North Korea has offered high-level talks with the US in an attempt to ease tension on the Korean peninsula.
The move comes only days after it cancelled official talks with South Korea for the first time in over two years.
The high-level talks between North and South Korea were scrapped last week after the North abruptly called them off.
The North blamed the South for scuttling discussions that sought to mend estranged ties between the rival nations.
The North Korea National Defence Commission said the US can pick a date and place for talks and the two sides can discuss a range of issues, but no preconditions should be attached.
"In order to ease tensions on the Korean peninsula and to achieve regional peace and safety, we propose to hold high-level talks between the DPRK and the United States," said the spokesman for the North's National Defence Commission.
"If the US is truly interested in securing regional peace and safety and easing tensions, it should not mention of preconditions for the talks."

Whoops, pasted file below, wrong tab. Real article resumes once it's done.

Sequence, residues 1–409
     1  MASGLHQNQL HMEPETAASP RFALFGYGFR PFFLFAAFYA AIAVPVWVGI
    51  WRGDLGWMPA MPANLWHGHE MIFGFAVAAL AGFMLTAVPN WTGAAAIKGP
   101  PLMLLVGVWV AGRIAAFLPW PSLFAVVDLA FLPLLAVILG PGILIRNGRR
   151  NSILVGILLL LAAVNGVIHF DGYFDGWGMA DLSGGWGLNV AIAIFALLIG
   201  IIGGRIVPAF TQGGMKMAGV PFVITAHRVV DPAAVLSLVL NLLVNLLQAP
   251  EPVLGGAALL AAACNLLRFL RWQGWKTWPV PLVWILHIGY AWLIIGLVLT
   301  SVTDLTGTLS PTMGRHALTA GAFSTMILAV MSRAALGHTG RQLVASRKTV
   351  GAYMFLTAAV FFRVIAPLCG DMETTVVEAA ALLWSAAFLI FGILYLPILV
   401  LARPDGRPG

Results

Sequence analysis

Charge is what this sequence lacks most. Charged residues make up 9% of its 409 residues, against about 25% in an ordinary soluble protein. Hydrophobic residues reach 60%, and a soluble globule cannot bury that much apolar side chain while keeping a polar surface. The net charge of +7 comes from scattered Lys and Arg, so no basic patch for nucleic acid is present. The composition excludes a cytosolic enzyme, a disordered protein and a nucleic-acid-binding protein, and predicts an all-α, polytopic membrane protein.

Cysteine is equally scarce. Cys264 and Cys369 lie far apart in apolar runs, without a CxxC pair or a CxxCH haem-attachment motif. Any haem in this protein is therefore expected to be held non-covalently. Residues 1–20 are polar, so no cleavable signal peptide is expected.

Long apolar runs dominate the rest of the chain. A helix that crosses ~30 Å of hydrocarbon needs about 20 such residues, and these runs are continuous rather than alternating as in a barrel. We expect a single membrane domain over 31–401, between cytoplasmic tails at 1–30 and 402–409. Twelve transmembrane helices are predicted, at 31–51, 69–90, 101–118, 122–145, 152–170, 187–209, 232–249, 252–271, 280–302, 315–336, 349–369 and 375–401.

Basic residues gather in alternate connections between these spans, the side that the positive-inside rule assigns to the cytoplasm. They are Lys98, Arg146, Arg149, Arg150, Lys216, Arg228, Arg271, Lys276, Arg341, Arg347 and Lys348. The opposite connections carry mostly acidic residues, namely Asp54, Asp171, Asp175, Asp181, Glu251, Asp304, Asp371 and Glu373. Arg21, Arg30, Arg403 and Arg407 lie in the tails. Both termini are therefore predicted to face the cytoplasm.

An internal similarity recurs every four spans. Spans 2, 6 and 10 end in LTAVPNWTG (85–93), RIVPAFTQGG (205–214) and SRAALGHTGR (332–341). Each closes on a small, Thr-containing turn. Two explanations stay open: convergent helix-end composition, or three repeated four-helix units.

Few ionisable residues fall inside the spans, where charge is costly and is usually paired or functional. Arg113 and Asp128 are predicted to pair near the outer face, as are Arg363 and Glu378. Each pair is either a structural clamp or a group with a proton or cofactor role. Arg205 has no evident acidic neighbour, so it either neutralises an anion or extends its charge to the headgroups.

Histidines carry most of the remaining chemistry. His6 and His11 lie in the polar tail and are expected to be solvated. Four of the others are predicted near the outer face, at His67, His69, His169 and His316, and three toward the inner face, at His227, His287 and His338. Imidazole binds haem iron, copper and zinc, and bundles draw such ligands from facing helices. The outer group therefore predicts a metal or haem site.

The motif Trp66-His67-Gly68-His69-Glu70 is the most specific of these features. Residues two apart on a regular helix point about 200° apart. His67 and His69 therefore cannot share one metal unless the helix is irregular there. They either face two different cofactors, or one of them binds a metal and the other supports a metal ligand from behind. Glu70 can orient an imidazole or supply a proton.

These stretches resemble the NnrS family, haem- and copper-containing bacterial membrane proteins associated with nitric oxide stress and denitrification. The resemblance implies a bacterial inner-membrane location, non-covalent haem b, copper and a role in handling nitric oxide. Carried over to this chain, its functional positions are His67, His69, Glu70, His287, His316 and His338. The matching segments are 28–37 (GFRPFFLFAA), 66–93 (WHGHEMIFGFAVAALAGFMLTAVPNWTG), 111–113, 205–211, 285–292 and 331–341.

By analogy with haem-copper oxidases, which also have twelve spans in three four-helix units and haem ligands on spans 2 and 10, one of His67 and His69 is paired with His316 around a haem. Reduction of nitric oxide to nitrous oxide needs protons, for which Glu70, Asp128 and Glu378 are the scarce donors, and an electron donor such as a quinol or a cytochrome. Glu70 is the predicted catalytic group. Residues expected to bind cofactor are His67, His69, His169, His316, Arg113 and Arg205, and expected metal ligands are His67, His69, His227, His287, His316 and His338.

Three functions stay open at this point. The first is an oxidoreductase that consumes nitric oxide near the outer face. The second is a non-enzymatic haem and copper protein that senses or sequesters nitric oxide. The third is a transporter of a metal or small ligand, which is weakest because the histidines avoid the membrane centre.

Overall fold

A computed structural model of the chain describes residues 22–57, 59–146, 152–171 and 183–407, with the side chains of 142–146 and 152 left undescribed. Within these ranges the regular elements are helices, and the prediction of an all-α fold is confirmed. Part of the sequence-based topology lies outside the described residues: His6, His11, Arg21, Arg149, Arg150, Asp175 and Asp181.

In response, the White House said the US is open to talks with North Korea, but said it must comply with UN Security Council resolutions and ultimately agree to denuclearisation.
"We have always favoured dialogue and, in fact, have open lines of communication with the DPRK," said Caitlin Hayden, a spokeswoman for the National Security Council.
The Obama administration has been increasingly sceptical of any move by the North for dialogue as it has repeatedly backtracked on deals, the latest in 2012 when it agreed to a missile and nuclear test moratorium, but fired a rocket soon afterwards.
Earlier this year, North Korea threatened nuclear and missile strikes against South Korea and the US after it was hit with UN sanctions for its February nuclear weapons test.